Opera Scotland

Twilight of the Gods Götterdämmerung

Music
Richard Wagner (born Leipzig, 2 March 1813; died Venice, 13 February 1883)

Text
The composer.

Source
Original, derived from Norse legend (text written 1848-52, music composed 1869-74).

Premieres
First performance: Bayreuth (Festspielhaus), 17 August 1876.
First UK performance: London (Her Majesty’s Theatre, Haymarket), 9 May 1882.
First performance in Scotland: Edinburgh (King’s Theatre), 5 March 1910.
Scottish Opera première: Glasgow (King’s Theatre), 15 May 1968.

Background
Götterdämmerung is the final evening of the Ring cycle. It was after writing the text for this work that Wagner realised that preliminary explanation was required, and he gradually worked backwards through the other dramas until reaching Das Rheingold. He then started musical composition in the correct order.

Characters
Three Norns: First (contralto), Second (mezzo-soprano), Third (soprano).
Brünnhilde (soprano)
Siegfried (tenor)
Gunther, leader of the Gibichungs (baritone)
Hagen, his half-brother, son of Alberich (bass)
Gutrune, Gunther’s sister (soprano)
Waltraute (mezzo-soprano)
Alberich (baritone)
Three Rhinemaidens: Woglinde (soprano), Wellgunde (mezzo-soprano), Flosshilde (contralto)

Plot Summary
The Norns , or Fates, daughters of Erda, foretell the demise of the gods. At dawn, Siegfried and Brünnhilde emerge from a nearby cave. They exchange tokens – Siegfried gives her the ring, she gives him her horse. He journeys down the Rhine and reaches the castle of the Gibichungs. Gunther, a weak character, is dominated by his half-brother. Hagen is aware of the ring’s history and is determined to obtain it for himself. He has made a potion which, when given to him by Gutrune, will make Siegfried forget Brünnhilde. Under this influence, Siegfried becomes engaged to Gutrune, in return for which he will obtain Brünnhilde as a bride for Gunther. Brünnhilde is visited by her sister, Waltraute, who begs that she lift the curse by giving the ring back to the Rhinemaidens. Brünnhilde regards it as a token of love from Siegfried, and refuses. Siegfried, disguised by the helmet to appear like Gunther, then comes and seizes the ring from Brünnhilde. Hagen dreams of Alberich, who tells him to kill Siegfried and take the ring. Siegfried returns, bringing Gunther and Brünnhilde. A double wedding is arranged. Brünnhilde is horrified at Siegfried’s betrayal, especially when she sees the ring on his hand. She claims Siegfried as her husband, and swears an oath to that effect, denied by Siegfried. She joins with Hagen and Gunther in a conspiracy to kill him. On a hunting trip next day, Siegfried refuses to give the ring to the Rhinemaidens. Hagen asks him to tell his life story, and gives him a potion to restore his memory. The memories of Brünnhilde’s love come flooding back. Gunther and the huntsmen are appalled, and Hagen takes advantage of the general distraction to stab Siegfried in the back. Brünnhilde, now made aware of the facts, takes control, and has a pyre built for Siegfried’s cremation. She takes the ring and rides into the blaze. Valhalla and the gods are destroyed in the conflagration. The Rhine then floods and the Rhinemaidens recover the ring and drown Hagen. Brünnhilde’s self-sacrifice has redeemed the curse.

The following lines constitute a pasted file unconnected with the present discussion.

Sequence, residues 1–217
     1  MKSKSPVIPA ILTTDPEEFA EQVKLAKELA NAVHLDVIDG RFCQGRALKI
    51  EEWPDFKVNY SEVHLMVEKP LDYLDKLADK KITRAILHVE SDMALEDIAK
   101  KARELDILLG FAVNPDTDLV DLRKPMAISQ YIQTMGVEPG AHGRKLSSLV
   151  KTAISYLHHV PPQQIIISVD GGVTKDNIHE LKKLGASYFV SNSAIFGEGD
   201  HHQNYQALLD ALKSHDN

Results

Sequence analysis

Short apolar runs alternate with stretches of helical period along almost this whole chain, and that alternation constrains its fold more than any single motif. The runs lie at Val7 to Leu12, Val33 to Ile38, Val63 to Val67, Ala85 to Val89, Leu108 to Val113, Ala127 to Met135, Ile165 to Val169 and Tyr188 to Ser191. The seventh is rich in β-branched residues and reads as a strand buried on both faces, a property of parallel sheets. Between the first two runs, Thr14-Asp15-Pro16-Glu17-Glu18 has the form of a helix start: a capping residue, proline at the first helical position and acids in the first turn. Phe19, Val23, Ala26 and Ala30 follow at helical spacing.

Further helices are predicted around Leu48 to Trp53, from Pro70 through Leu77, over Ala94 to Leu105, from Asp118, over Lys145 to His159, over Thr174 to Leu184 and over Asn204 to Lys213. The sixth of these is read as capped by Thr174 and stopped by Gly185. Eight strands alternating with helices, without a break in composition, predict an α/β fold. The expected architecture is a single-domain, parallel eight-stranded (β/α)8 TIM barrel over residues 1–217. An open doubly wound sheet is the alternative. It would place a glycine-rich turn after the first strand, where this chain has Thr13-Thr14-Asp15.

The Cast

Alberich
 a Nibelung
Brünnhilde
 Siegfried's lover
First Norn
 
Flosshilde
 a Rhinemaiden
Gunther
 a Gibichung
Gutrune
 a Gibichung, Gunther's sister
Hagen
 son of Alberich
Second Norn
 
Siegfried
 
Third Norn
 
Waltraute
 a Valkyrie, Brünnhilde's sister
Wellgunde
 a Rhinemaiden
Woglinde
 a Rhinemaiden

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